In the spring of 2012 I did a 24-hour adrenal saliva test and discovered that for the first time my cortisol levels were high during the day, with the morning and noon cortisol samples raised above the top limits of the reference ranges. I therefore modified my circadian dose of T3 medication to lower my cortisol levels, i.e. I moved the circadian dose forward in time. 

I subsequently discovered that I was able to slowly wean my anti-histamine levels to the point that I no longer need them. 

This means that high cortisol was definitely a factor in my problems. High cortisol is known to increase stomach acidity. How much of my problem is some underlying issue with urticaria and how much was simply due to cortisol I cannot say. However, I suspect the elevated cortisol raised stomach acidity and this resulted in irritation and inflamation in my gut. Perhaps it was urticaria that was induced that caused the increase in histamine levels and perhaps it was just as a result of increased acidity.

Much more time will need to elapse before I can say with confidence that this problem has completely gone away without the use of antihistamines. As ever I am quite a sceptic - it will take a lot of data to convince me that I am completely over this without antihistamines.

However, it is clear that my adrenal performance has continued to improve over the years and that the CT3M really works. The CT3M has continued to help my adrenals to regain their ability and that my adrenals can even produce high cortisol over the entire day now. These elevated cortisol levels had a part to play in my four very difficult years of stomach/gut problems.

Allergy UK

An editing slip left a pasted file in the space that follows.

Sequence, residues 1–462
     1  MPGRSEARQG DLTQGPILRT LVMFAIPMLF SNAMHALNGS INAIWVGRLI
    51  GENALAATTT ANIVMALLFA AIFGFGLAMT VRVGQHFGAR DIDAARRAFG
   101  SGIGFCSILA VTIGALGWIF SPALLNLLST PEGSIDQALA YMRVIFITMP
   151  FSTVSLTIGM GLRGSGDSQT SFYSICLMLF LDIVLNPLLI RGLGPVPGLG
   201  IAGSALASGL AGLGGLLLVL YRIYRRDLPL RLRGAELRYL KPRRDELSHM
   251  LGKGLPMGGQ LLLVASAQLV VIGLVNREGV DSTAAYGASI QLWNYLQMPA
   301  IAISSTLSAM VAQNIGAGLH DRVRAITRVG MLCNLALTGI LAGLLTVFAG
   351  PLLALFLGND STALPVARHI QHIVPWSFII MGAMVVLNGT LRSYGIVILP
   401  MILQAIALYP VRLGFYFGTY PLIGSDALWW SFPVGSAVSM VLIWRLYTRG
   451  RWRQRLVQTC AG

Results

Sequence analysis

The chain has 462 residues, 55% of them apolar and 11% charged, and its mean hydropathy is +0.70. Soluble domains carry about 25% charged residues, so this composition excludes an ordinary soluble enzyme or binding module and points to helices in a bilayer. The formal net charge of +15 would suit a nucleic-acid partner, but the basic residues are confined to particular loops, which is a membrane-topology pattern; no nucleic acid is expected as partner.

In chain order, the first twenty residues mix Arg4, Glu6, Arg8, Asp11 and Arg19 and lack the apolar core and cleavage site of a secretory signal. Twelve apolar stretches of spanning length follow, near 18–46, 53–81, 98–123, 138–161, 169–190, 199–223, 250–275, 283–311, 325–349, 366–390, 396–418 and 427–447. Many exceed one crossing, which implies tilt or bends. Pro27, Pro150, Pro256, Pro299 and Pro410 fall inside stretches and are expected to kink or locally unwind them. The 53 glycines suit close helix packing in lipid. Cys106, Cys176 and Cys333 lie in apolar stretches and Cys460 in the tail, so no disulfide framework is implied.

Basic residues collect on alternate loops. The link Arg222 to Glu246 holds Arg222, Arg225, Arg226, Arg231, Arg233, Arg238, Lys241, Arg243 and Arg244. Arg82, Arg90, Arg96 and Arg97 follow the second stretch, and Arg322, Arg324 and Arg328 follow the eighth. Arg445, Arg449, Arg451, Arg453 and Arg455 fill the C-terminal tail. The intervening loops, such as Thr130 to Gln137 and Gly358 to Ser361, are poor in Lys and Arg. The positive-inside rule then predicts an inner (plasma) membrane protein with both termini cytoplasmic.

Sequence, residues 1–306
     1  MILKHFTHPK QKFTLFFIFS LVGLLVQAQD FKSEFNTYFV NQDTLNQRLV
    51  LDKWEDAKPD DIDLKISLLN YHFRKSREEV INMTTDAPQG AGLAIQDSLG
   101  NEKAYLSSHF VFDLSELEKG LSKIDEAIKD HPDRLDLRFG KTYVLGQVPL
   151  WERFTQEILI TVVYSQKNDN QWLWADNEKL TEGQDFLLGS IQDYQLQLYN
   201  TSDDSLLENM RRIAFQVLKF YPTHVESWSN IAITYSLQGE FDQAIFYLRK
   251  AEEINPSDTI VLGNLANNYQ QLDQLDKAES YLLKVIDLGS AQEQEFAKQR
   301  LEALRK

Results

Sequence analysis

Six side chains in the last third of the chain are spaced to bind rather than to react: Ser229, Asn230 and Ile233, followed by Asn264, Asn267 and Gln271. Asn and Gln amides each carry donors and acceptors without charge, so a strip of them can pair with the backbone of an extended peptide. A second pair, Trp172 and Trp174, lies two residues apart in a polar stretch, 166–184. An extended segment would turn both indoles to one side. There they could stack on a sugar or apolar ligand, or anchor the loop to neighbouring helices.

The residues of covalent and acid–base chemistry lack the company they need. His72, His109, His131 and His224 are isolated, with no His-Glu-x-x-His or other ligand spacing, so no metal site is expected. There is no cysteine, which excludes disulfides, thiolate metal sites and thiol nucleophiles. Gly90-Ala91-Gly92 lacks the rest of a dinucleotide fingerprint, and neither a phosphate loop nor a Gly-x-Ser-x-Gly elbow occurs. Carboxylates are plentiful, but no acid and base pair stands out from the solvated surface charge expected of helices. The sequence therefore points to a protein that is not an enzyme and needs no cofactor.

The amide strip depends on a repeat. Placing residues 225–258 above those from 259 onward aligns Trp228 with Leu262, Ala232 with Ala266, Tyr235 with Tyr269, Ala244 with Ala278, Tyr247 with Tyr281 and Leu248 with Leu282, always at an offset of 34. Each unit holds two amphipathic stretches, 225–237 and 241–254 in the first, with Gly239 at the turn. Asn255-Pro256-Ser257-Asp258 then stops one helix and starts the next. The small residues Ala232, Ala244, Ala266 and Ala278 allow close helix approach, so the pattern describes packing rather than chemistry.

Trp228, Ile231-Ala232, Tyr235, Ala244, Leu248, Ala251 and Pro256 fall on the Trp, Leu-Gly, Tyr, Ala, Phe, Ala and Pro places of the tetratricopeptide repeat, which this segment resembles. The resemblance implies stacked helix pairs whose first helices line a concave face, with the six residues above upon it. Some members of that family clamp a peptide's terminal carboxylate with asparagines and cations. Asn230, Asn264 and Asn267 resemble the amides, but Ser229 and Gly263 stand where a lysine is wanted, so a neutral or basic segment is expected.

These are a few resources that I have information on that may be of value. I have made no attempt to compile a comprehensive set - I am merely documenting the information I already have.

Allergy UK:
Allergy UK is the UK's leading medical charity dealing with allergy, food intolerance and chemical sensitivity. Allergy UK has its own website: http://www.allergyuk.org/

Allergy UK also have a dedicated helpline, manned by a team of fully trained allergy advisors, providing invaluable support and information for sufferers of allergy, intolerance and sensitivities.

Allergy UK also has a forum, which is a meeting place for patients with allergies, sensitivities, histamine problems and other related issues: http://forum.allergyuk.org/

Useful Websites

http://www.cureceliacdisease.org/medical-professionals/guide/symptoms

http://www.celiac.com/

https://www.facebook.com/pages/Gluten-sensitivity/110148969008078?ref=ts...

http://chriskresser.com/the-gluten-thyroid-connection

http://gapsdiet.com/Home_Page.html

http://www.thyroidbook.com/

Books

"Dangerous Grains" by James Braly, MD and Ron Hoggan, MA

"Healthier Without Wheat" by Dr. Stephen Wangen

"Gut and Psychology Syndrome" by Natasha Campbell McBride

"Wheat Belly" by William Davis, MD.

 

I hope some of you may have found something of use here.

Best wishes,

Paul